Really enjoyable and not as dark than his previous 'All Age' book - 'The Book of Lost Things'(which is bloody amazing and a 10 out of 10 book based around Grimms fairy tales) or his Charlie Parker crime novels.
Yes i am promoting a fellow dubliner but seriously worth a look. The link below opens the first chapter of Hells Bells from Johns site which readds quite well as a short story in its own rights :D
http://www.johnconnollybooks.com/novels-hells-bells1.php


I looooove John Connollys books :D Book of lost things was amazing. Haven't bought the Hells bells yet, have to get it ASAP.
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Postby pip » Fri Jul 29, 2011 9:12 am

Book of Lost Things still remains one of my favourite ever books. Pure Genius :D
He's doing a signing at my favourite bookshop next month :D

Real nice guy :D
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Postby WannabeAngua » Fri Jul 29, 2011 9:30 am

pip wrote:Book of Lost Things still remains one of my favourite ever books. Pure Genius :D
He's doing a signing at my favourite bookshop next month :D

Real nice guy :D


*Turning green with envy*

Could you tell him from me that Jo Nesbø is Norwegian, not Swedish.....a couple of newsletters ago he said he was doing - actually can't remember what it was at the moment - something with the Swedish novelist Nesbø :x
Sweden allready has Mankell and Stieg Larsson, please let us keep Nesbø.
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Postby pip » Fri Jul 29, 2011 9:47 am

I will. :lol: Did you check out the first chapter of his book i posted :D
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Postby WannabeAngua » Fri Jul 29, 2011 10:01 am

pip wrote:I will. :lol: Did you check out the first chapter of his book i posted :D


No, just read your rewiew. I will take a look later on though. :)
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Postby pip » Fri Jul 29, 2011 10:32 am

Cool :D
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Postby pip » Fri Aug 05, 2011 10:51 am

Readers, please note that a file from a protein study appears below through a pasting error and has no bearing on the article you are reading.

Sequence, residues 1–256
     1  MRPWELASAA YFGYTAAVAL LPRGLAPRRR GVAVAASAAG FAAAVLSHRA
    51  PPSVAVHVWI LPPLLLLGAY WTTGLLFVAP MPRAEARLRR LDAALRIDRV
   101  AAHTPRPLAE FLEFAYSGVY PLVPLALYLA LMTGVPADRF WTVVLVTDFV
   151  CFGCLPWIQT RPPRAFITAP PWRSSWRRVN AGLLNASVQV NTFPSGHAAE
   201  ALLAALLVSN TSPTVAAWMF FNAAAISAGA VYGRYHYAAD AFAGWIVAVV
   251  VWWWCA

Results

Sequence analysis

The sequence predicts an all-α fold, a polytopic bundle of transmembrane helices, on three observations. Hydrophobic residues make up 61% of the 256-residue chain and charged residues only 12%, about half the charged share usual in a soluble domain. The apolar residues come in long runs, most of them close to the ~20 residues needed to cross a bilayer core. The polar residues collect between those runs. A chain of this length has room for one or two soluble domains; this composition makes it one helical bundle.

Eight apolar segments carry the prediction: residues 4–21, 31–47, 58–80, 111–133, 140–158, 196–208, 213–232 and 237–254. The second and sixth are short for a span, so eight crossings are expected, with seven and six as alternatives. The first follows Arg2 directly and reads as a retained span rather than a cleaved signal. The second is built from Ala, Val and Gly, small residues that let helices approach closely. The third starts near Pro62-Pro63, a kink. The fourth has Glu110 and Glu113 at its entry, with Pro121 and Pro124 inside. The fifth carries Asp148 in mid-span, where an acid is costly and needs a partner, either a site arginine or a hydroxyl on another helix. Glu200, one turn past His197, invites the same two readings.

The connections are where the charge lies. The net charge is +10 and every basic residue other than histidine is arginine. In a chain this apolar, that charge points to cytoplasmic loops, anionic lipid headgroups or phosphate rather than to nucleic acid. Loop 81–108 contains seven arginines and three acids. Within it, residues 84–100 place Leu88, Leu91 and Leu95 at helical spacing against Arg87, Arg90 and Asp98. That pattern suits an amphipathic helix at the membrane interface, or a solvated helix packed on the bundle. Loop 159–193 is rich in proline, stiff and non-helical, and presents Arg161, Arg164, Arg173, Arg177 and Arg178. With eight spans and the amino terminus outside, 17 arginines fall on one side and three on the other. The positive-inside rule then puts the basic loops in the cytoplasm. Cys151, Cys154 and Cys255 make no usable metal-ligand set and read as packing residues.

Book - Monarchy
Author - David Starkey

A non-fiction book detailing the History of the English and then British monarchy from the start of the Tudor preiod under Henry VII to the 21st century.

A very interesting well written and well researched book, David Starkey is a fantastic historian who knows his history. Quite sarcastic at times the book reads well and links the lineage very well together.
Gives a great account of the changes in form, the attitudes and actions of the Monarchs , Parliament , the general public and other leaders throughout the huge changes and revolutions that took place over the period.
Really enjoyed this book and have an interest in the subject matter .
Good well informed opinions and analysis in general. Disliked that he brought it right up to his opinions on Charles as Starkey is a historian and this section at the end didn't fit to well with the rest but doesn't detract from the overall quality.


8 out of ten


Have bought another of his books - Henry about Henry VIII and look forward to it :D
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Postby meerkat » Fri Aug 05, 2011 10:55 am

For a fictional read re: time of Henry 8th, try CJ Sansom. Historically accurate and very interesting view of the country under Henry's rule!
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Postby pip » Fri Aug 05, 2011 10:58 am

Book - Africa Reich
Author - Guy Saville

A trouser leg of time book based on a similar premise to that of Robert Harris Fatherland.
Britain turned chicken after a massacre at Dunkirk and signed a peace treaty with Germany which carves up Africa between them and allows Germany a free reign in there new and old colonys and eastern europe.
An ex Leggionaire and British soldier of german decent is hired to assasinate one of the German Governors who he has a History with and heads to Africa.
Book is full of action, very bloody and occasionally disturbing.
sometimes manic due to the action and the main character Burton Cole is blessed at repeatedly escaping impossible situations but still highly enjoyable
. Book is well written despite a slightly wooden start and has a decwent twist or two at the end.
The author has created a vivid alternate world which works well in the background.
Took a chance on a debut novel (although the author did sign the book)
but glad i did.I'll see what else comes from his pen in future

8.5 out of ten
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Postby pip » Fri Aug 05, 2011 11:00 am

meerkat wrote:For a fictional read re: time of Henry 8th, try CJ Sansom. Historically accurate and very interesting view of the country under Henry's rule!

I like reading both the fiction and non fiction history books so i'll check it out meer. Cheers :D